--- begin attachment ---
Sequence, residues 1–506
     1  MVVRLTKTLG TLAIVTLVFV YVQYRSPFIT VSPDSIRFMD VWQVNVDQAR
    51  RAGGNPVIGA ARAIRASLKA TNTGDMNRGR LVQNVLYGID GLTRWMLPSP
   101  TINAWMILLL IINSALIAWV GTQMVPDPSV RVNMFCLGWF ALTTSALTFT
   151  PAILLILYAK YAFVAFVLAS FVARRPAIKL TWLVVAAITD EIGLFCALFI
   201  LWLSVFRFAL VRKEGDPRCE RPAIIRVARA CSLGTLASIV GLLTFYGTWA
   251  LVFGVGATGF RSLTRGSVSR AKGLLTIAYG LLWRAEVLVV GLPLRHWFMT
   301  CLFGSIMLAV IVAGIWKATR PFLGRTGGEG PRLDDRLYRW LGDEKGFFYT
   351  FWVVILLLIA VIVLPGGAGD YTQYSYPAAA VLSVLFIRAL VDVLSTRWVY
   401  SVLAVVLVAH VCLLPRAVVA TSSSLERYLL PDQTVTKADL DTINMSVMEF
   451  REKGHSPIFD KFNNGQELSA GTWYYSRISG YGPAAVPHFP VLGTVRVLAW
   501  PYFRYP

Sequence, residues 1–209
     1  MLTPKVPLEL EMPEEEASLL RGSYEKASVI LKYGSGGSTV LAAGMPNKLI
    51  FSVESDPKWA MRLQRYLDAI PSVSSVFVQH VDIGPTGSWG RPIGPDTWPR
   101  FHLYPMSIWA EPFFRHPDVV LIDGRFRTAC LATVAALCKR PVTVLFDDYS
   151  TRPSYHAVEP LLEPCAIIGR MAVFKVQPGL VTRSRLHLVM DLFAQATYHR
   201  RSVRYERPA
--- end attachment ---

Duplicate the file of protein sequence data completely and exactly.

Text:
Sequence, residues 1–506
     1  MVVRLTKTLG TLAIVTLVFV YVQYRSPFIT VSPDSIRFMD VWQVNVDQAR
    51  RAGGNPVIGA ARAIRASLKA TNTGDMNRGR LVQNVLYGID GLTRWMLPSP
   101  TINAWMILLL IINSALIAWV GTQMVPDPSV RVNMFCLGWF ALTTSALTFT
   151  PAILLILYAK YAFVAFVLAS FVARRPAIKL TWLVVAAITD EIGLFCALFI
   201  LWLSVFRFAL VRKEGDPRCE RPAIIRVARA CSLGTLASIV GLLTFYGTWA
   251  LVFGVGATGF RSLTRGSVSR AKGLLTIAYG LLWRAEVLVV GLPLRHWFMT
   301  CLFGSIMLAV IVAGIWKATR PFLGRTGGEG PRLDDRLYRW LGDEKGFFYT
   351  FWVVILLLIA VIVLPGGAGD YTQYSYPAAA VLSVLFIRAL VDVLSTRWVY
   401  SVLAVVLVAH VCLLPRAVVA TSSSLERYLL PDQTVTKADL DTINMSVMEF
   451  REKGHSPIFD KFNNGQELSA GTWYYSRISG YGPAAVPHFP VLGTVRVLAW
   501  PYFRYP

Sequence, residues 1–209
     1  MLTPKVPLEL EMPEEEASLL RGSYEKASVI LKYGSGGSTV LAAGMPNKLI
    51  FSVESDPKWA MRLQRYLDAI PSVSSVFVQH VDIGPTGSWG RPIGPDTWPR
   101  FHLYPMSIWA EPFFRHPDVV LIDGRFRTAC LATVAALCKR PVTVLFDDYS
   151  TRPSYHAVEP LLEPCAIIGR MAVFKVQPGL VTRSRLHLVM DLFAQATYHR
   201  RSVRYERPA